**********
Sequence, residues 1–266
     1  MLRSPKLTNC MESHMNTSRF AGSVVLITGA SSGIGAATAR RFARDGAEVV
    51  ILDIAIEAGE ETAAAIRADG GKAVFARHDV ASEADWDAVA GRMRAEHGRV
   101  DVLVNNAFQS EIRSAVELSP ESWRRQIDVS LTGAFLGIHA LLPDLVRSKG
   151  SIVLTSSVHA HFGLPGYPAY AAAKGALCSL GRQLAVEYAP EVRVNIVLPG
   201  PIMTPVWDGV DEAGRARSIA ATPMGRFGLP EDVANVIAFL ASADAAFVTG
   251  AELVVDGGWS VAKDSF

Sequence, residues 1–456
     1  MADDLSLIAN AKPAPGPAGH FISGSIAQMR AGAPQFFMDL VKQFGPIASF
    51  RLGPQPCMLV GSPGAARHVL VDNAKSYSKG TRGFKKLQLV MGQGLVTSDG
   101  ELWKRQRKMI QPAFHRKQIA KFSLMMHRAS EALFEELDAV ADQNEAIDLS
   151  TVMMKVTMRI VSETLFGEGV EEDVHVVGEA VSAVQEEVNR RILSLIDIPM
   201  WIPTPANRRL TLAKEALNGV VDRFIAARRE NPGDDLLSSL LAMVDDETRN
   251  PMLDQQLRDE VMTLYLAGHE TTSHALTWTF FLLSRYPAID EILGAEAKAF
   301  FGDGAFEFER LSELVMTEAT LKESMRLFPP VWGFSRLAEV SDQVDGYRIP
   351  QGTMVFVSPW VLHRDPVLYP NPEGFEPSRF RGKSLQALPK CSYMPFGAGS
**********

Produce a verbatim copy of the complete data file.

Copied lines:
Sequence, residues 1–266
     1  MLRSPKLTNC MESHMNTSRF AGSVVLITGA SSGIGAATAR RFARDGAEVV
    51  ILDIAIEAGE ETAAAIRADG GKAVFARHDV ASEADWDAVA GRMRAEHGRV
   101  DVLVNNAFQS EIRSAVELSP ESWRRQIDVS LTGAFLGIHA LLPDLVRSKG
   151  SIVLTSSVHA HFGLPGYPAY AAAKGALCSL GRQLAVEYAP EVRVNIVLPG
   201  PIMTPVWDGV DEAGRARSIA ATPMGRFGLP EDVANVIAFL ASADAAFVTG
   251  AELVVDGGWS VAKDSF

Sequence, residues 1–456
     1  MADDLSLIAN AKPAPGPAGH FISGSIAQMR AGAPQFFMDL VKQFGPIASF
    51  RLGPQPCMLV GSPGAARHVL VDNAKSYSKG TRGFKKLQLV MGQGLVTSDG
   101  ELWKRQRKMI QPAFHRKQIA KFSLMMHRAS EALFEELDAV ADQNEAIDLS
   151  TVMMKVTMRI VSETLFGEGV EEDVHVVGEA VSAVQEEVNR RILSLIDIPM
   201  WIPTPANRRL TLAKEALNGV VDRFIAARRE NPGDDLLSSL LAMVDDETRN
   251  PMLDQQLRDE VMTLYLAGHE TTSHALTWTF FLLSRYPAID EILGAEAKAF
   301  FGDGAFEFER LSELVMTEAT LKESMRLFPP VWGFSRLAEV SDQVDGYRIP
   351  QGTMVFVSPW VLHRDPVLYP NPEGFEPSRF RGKSLQALPK CSYMPFGAGS